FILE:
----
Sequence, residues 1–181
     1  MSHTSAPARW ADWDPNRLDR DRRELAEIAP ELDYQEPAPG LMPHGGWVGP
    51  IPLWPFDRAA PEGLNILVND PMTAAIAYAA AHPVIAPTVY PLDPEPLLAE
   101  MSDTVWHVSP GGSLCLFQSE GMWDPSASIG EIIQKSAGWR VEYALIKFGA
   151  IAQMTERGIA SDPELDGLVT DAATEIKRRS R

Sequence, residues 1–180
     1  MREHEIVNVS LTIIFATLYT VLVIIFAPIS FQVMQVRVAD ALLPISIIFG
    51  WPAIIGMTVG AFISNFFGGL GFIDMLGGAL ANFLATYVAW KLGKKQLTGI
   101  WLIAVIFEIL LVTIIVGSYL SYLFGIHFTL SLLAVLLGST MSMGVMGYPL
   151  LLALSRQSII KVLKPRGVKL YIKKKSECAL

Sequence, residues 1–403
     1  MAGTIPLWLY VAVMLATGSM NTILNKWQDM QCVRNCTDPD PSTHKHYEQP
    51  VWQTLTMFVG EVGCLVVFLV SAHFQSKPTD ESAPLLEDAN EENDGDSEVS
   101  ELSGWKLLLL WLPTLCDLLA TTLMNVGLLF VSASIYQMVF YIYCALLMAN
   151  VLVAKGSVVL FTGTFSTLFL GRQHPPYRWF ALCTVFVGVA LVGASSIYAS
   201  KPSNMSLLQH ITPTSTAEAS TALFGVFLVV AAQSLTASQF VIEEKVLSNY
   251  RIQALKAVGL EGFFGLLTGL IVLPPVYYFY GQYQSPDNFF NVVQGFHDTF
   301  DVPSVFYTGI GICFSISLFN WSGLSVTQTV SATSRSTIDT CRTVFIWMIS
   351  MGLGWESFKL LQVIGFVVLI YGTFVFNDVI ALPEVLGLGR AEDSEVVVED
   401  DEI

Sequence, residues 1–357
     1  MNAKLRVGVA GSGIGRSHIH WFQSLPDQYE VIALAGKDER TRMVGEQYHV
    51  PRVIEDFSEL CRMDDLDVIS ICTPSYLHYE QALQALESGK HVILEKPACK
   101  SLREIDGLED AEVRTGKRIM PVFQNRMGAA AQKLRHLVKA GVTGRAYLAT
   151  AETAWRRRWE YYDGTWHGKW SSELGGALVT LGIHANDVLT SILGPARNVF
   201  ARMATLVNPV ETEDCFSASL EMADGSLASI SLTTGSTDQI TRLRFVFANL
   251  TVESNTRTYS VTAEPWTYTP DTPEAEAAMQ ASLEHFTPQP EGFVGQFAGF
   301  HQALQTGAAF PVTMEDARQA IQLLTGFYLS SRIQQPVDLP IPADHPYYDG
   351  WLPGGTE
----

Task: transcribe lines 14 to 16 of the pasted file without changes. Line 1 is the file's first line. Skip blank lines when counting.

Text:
   101  ELSGWKLLLL WLPTLCDLLA TTLMNVGLLF VSASIYQMVF YIYCALLMAN
   151  VLVAKGSVVL FTGTFSTLFL GRQHPPYRWF ALCTVFVGVA LVGASSIYAS
   201  KPSNMSLLQH ITPTSTAEAS TALFGVFLVV AAQSLTASQF VIEEKVLSNY